The first installment of an adventure featuring stolen books, secret agents and forbidden societies – think Doctor Who with librarian spies!
Irene must be at the top of her game or she’ll be off the case – permanently…
Irene is a professional spy for the mysterious Library, which harvests fiction from different realities. And along with her enigmatic assistant Kai, she’s posted to an alternative London. Their mission – to retrieve a dangerous book. But when they arrive, it’s already been stolen. London’s underground factions seem prepared to fight to the very death to find her book.
Adding to the jeopardy, this world is chaos-infested – the laws of nature bent to allow supernatural creatures and unpredictable magic. Irene’s new assistant is also hiding secrets of his own.
Soon, she’s up to her eyebrows in a heady mix of danger, clues and secret societies. Yet failure is not an option – the nature of reality itself is at stake.
I was drawn to this book for two main reasons: I am a huge lover of Warehouse 13 and am getting into The Librarians (series two is currently airing on Sci-Fi). I was hoping for something mildly like it… and I’m not really sure what I got, so I’ll list them here: we have Irene, heroine and Librarian; alternate worlds connected by the Library; more than one mystery; bad guys of more than one variety; vampires, werewolves, fae, dragons and magic; unique language that can only be used by Librarians; fairytales and books.
I wanted to love this book. Everything about it screams that it’s something that I would enjoy but with all the added detail there was just too much going on. I think that the amount of ideas and concepts that the author included made it harder to connect with the story at all to be honest. For instance, if this was a series where we were introduced to the concept of the Library, and have an adventure to ease the reader into the world(s) rather than throwing everything and everyone into it, including a sort of Voldemort-esque character. There was also something that didn’t let me connect to Irene who should have been an awesome heroine, but she was so frequently second guessing herself and questioning why/what ifs with the actions that she was carrying out.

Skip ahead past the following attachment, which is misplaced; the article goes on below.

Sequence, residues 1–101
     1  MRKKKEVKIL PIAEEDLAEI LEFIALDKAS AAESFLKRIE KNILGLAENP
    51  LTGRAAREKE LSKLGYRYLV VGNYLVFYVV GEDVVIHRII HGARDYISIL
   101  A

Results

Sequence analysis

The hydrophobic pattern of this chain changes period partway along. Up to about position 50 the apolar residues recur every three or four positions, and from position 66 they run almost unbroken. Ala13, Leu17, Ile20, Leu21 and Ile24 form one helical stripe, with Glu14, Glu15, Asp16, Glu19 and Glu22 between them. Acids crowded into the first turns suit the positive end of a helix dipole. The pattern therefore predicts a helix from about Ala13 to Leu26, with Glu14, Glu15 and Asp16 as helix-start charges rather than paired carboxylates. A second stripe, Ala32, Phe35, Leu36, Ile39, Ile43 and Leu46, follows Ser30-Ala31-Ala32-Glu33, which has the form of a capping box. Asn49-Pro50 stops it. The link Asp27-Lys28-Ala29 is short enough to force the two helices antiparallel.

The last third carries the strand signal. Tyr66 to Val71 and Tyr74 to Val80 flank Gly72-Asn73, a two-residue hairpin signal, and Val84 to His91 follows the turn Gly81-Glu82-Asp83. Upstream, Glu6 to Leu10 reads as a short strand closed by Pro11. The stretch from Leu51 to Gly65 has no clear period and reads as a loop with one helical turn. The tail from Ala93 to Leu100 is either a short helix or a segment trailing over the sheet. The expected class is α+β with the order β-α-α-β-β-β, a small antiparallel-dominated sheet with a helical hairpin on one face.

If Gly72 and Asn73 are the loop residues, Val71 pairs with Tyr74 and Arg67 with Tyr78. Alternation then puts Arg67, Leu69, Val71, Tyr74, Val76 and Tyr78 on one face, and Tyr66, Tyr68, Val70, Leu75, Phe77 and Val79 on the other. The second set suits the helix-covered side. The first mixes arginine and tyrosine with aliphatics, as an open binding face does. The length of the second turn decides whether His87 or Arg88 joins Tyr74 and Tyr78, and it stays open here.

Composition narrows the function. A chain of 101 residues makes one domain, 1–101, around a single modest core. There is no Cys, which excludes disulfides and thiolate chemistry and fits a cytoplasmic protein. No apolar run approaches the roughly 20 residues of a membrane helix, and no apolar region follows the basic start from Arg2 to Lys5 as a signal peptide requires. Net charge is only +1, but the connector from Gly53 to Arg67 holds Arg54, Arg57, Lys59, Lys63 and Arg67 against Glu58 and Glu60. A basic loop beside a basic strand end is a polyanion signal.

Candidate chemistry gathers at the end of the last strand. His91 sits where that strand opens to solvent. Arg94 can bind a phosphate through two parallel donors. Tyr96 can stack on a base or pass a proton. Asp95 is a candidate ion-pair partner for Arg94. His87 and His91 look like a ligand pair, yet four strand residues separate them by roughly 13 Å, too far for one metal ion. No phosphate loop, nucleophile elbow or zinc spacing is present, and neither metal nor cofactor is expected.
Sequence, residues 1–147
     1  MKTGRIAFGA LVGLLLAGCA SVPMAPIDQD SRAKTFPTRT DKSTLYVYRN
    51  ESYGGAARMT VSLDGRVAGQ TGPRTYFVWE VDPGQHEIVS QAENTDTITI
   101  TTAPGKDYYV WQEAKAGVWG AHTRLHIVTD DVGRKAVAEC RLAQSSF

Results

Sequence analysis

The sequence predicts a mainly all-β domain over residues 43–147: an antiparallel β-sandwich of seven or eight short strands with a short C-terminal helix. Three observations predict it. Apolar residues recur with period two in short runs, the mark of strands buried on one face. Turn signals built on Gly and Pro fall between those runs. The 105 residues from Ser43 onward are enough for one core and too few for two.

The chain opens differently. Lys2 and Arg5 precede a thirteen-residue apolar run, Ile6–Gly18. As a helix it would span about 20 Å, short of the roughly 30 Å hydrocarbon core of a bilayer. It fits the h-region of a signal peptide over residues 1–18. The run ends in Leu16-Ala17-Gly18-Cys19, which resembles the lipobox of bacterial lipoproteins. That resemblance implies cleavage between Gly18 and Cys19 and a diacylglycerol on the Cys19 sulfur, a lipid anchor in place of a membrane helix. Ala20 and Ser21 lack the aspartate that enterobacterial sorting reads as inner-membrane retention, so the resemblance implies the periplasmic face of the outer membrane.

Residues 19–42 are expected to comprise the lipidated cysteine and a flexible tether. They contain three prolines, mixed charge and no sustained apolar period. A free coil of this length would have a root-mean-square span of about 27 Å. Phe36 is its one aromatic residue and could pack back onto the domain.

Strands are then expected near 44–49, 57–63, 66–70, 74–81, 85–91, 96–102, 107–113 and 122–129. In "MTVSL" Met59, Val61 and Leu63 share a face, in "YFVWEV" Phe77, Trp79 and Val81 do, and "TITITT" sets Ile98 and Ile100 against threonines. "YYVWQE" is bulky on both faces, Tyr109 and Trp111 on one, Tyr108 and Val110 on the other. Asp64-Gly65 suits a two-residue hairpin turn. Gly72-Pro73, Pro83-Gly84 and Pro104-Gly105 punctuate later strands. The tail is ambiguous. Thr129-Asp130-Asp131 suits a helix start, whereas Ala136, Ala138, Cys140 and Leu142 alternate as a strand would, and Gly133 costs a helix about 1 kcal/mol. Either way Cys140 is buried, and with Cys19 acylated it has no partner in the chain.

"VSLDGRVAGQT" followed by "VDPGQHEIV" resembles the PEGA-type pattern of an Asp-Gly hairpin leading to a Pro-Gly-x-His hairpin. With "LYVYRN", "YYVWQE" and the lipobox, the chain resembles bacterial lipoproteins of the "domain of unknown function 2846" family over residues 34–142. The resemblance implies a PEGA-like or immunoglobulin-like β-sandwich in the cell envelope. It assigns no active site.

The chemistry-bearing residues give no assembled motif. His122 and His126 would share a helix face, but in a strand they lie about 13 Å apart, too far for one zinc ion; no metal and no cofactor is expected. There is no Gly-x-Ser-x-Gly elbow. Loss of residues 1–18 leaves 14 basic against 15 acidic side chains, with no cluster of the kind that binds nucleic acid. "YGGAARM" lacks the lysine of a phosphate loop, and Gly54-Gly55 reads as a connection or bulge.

This is one of those books where there’s just so much going on, and at the same time it feels like there’s nothing happening except for a bit of tea drinking and discussing events. Because of this it made the narrative feel really quite disjointed. A lot of stuff happened, but I didn’t feel as though there was any consistency to it. There was one time where I thought that only a day and half had passed in the book but then Irene mentions to Kai that they’ve been in that world for five days. Because of the nature of the writing this isn’t clear, and doesn’t help that disjointed feel to it. I think the only comparison I can draw here is when reading a book like Angels and Demons you know that Dan Brown follows a formula and it’s clear in the book that only 24 hours passes, and the same with Da Vinci Code etc.
Overall this was an interesting read, and I think the story had a lot of potential which makes me consider the possibility of reading the next story in the trilogy, but it’s not one that I’m going to hurry and buy on it’s release date. This first novel could have done with a great deal of tidying up, if you like, in order for me to completely click with it.
Is this one you’ve read? What did you think? My next book is Fangirl!